Pros and Cons of Epoxy Sealers
Epoxy sealers also create a hard, durable surface on the concrete, only slightly less effective than polyurethane. Epoxy floors have long lifespans, and protect the floor from chemicals, oil, gas, salt, water, and staining.
However, epoxy does not hold up well to UV rays, and so yellow when exposed to sunshine. Epoxy does protect the floor from freeze-thaw cycle damage.
Epoxy is not forgiving of poor preparation and will fail if applied over water or damage.
Epoxy sealers are prone to ultraviolet damage from sun exposure. They turn yellow if exposed for too long. Polyurethane sealers do not react to sunshine this way.
How Penetrating Sealers Protect the Garage Floor
Penetrating sealers are best for lower-traffic areas such as residential garages. Their strengths vary by subtype.
Pros and Cons of Silicate Sealers
Silicate sealers are also known as densifiers. They work by reacting with the concrete to form a hard, insoluble calcium silicate structure within the pores.
Silicate sealers are commonly used to increase the strength and density of the concrete, making it resistant to damage and wear. They do not change the appearance of the concrete.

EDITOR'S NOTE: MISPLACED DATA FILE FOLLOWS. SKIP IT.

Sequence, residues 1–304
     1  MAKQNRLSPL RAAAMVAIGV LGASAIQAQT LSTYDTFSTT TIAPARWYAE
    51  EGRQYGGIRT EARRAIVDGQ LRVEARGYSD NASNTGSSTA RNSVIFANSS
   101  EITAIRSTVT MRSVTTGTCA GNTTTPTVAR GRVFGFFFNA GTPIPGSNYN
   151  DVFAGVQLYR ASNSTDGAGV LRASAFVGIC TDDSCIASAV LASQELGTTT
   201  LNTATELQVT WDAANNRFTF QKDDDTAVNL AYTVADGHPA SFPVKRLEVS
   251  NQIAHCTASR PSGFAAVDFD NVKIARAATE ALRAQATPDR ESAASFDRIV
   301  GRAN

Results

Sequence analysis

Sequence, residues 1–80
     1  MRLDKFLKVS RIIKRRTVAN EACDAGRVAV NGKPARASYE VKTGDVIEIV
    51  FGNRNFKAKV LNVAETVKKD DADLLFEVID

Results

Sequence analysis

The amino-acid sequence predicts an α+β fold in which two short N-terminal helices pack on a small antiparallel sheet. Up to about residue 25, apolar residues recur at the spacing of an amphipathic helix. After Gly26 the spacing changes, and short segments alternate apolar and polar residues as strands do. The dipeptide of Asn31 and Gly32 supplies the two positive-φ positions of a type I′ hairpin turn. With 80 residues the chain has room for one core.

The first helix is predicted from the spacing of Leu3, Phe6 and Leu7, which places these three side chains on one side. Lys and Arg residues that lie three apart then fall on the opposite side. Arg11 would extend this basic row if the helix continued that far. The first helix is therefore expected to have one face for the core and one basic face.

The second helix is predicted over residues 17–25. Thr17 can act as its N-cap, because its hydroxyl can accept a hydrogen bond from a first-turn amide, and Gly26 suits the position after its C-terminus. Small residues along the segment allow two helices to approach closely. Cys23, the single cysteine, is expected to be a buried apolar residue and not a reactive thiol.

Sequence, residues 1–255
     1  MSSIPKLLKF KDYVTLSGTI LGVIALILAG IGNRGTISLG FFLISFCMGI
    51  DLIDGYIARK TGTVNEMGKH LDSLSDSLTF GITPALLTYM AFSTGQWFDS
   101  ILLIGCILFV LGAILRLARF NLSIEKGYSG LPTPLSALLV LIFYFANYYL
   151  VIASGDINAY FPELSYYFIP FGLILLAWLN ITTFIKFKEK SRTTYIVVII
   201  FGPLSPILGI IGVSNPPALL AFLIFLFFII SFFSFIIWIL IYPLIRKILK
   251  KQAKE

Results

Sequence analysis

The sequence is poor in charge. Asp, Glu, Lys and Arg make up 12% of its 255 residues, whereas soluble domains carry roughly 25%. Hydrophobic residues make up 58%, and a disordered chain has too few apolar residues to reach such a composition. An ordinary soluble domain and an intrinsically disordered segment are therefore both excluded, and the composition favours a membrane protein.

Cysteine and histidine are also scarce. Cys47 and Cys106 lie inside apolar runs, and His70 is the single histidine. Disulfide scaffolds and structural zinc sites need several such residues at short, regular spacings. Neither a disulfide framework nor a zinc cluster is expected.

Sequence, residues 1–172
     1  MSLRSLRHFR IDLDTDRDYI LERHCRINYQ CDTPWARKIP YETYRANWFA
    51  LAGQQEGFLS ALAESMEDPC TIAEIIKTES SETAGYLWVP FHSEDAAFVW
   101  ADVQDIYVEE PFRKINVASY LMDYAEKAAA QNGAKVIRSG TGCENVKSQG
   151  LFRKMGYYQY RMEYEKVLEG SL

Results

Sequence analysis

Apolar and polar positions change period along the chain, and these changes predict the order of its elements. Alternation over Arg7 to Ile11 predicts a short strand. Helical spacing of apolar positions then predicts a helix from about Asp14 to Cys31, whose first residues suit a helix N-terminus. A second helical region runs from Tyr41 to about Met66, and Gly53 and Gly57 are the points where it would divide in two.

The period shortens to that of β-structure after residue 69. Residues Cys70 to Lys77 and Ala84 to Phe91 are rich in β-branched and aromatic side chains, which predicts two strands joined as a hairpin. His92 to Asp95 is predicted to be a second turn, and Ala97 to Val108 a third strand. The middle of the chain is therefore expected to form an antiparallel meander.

Pros and Cons of Silane Sealers
Silane sealers are small molecular structure sealers that can penetrate deep into the concrete. They form a hydrophobic barrier that repels water and other liquids, making them excellent for waterproofing. Silane sealers do not significantly change the appearance of the concrete.
Pros and Cons of Siloxane Sealers
Siloxane sealers are similar to silane sealers but have a larger molecular structure. They penetrate less deeply into the concrete but form a wider water-repellent barrier. Siloxane sealers are often used for their excellent water-repelling properties.
Pros and Cons of Silicone Sealers
Silicone sealers penetrate the concrete and form a water-repellent barrier. They are known for their excellent water resistance and durability. Silicone sealers do not significantly change the appearance of the concrete.
Choosing Between Film-Forming and Penetrating Sealers
When considering which type of sealer to use on your garage floor, there are several factors to consider. The first factor is the condition of your garage floor.
Sealers for Older Garage Floors